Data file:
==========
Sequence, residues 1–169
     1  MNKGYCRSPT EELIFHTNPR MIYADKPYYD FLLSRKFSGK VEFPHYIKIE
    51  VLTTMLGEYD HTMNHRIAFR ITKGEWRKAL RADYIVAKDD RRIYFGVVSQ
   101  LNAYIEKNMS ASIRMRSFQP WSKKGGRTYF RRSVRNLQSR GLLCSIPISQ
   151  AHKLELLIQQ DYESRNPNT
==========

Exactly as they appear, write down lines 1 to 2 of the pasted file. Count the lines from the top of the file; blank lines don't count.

Sequence, residues 1–169
     1  MNKGYCRSPT EELIFHTNPR MIYADKPYYD FLLSRKFSGK VEFPHYIKIE